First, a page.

The Relationship Between Oil Choices and Engine Temperatures

Choosing the right oil for your engine is of utmost importance to ensure your engine has a long life and good performance. Depending on the type of engine you have and its working conditions, you’ll have to pick out the right oil from many different products with varying oil weight ratings.

When you’re shopping for oil you’ll see many different oil weight options, such as SAE50, 10W-30, 0W-20, and more. You’ll also see engine oils that say they’re for high mileage, fuel economy, and maximum performance.

Understanding how the oil relates to engine temperatures and other operation factors can help you choose the best oil for your engine and give you better insight into how the mechanics of your engine work.

Oil Weight and Temperature

The numbers previously mentioned, such as 10W-30, represent the oil weight for a particular engine oil. Different engines require different oil weight ratings to function properly.

There can be one or two numbers in an oil weight rating. These numbers describe the viscosity of the oil at varying temperatures. For instance, 10W has a rating of 10 for winter conditions, when the oil is cold. Once the oil warms up with the engine, the rating will be 30, which is the oil weight for when the oil is hot.

Usually, the cold oil weight is measured for temperatures between -40°F to 14°F. The normal oil weight rating is measured at temperatures above 212°F.

There’s a good reason why there needs to be two different levels of viscosity in the oil for cold and warm engines. Whenever you start your engine, the oil needs to quickly flow through all the mechanical parts to prevent damage to them. If the oil did not have additives that allow it to be less viscous when cold, it would not travel through the engine fast enough to accomplish this task.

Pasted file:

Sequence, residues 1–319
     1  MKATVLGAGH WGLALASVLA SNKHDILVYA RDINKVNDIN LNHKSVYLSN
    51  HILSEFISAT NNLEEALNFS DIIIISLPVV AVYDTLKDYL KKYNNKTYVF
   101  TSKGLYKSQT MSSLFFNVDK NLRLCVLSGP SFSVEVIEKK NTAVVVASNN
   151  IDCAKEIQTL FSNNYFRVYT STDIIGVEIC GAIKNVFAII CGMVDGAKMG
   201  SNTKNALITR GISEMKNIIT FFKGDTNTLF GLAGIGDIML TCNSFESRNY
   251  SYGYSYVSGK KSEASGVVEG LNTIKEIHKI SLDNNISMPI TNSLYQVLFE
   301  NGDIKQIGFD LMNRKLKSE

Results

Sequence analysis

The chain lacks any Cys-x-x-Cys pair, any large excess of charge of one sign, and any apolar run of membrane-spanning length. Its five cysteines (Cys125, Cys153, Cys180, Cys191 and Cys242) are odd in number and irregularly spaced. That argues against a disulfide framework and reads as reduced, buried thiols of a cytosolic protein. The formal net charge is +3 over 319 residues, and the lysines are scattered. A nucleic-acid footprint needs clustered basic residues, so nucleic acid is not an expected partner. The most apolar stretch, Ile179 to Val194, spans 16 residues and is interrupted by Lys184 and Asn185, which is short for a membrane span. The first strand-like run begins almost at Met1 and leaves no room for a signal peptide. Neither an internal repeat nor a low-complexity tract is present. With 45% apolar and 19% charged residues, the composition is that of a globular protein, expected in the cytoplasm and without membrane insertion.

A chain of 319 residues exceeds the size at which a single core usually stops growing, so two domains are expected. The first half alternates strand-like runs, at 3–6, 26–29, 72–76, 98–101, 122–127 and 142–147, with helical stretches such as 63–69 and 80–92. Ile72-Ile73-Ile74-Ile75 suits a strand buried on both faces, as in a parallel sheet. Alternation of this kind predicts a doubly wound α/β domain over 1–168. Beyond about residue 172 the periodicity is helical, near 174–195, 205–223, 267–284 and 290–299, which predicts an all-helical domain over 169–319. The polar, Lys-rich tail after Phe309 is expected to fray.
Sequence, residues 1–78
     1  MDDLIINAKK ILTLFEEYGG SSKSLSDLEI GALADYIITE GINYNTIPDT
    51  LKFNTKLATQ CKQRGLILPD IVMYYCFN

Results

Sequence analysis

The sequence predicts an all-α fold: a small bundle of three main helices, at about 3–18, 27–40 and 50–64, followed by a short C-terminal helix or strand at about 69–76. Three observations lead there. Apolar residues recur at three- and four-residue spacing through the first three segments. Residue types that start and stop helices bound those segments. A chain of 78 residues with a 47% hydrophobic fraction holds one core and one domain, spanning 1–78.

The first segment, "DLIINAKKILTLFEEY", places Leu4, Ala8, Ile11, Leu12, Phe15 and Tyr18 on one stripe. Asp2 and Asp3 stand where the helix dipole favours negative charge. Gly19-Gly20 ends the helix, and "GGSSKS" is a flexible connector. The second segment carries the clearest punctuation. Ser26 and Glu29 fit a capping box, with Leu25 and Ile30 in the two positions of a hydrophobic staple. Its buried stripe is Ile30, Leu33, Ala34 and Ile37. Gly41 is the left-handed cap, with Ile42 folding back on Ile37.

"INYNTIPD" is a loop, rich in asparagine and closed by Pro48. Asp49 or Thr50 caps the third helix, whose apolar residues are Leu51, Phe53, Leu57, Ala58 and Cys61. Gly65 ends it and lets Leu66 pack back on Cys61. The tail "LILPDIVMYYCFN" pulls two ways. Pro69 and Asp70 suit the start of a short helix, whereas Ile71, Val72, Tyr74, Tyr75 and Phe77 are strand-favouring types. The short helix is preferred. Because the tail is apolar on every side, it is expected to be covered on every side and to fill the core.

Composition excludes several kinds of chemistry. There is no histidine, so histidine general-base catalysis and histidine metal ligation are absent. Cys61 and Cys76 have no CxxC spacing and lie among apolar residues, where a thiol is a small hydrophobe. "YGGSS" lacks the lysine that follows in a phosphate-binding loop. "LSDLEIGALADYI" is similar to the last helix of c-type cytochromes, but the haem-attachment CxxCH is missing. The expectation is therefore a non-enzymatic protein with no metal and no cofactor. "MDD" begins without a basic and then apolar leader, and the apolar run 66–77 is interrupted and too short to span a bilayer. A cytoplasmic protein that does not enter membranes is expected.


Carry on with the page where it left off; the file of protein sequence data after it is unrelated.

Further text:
On the other hand, when the engine is already warm, having a thin oil could result in less lubrication than a thicker oil, causing additional wear on the engine.

Sometimes the effect of improper engine oil can be less pronounced, like if your engine requires 5W-30 but you use 10W-30. Using 10W instead of 5W will cause your engine to have a harder time starting in cold conditions, but once the engine reaches its normal operating temperature that won’t matter at all. It’s still better to use the proper oil, however. Saving a few dollars isn’t worth the risk to your engine, regardless of how many cold starts you think you’ll have.

Picking the Correct Oil for Your Engine

You should review the documentation from your engine’s manufacturer when shopping for engine oil. The correct oil for your engine might change depending on your use case and the temperatures you operate the engine at.

When you want high-performance oil that you can trust to give your engine the best lubrication, AMSOIL is always here. Contact us today, and we’ll explain your oil options in full detail to ensure that you get the very best for your engine.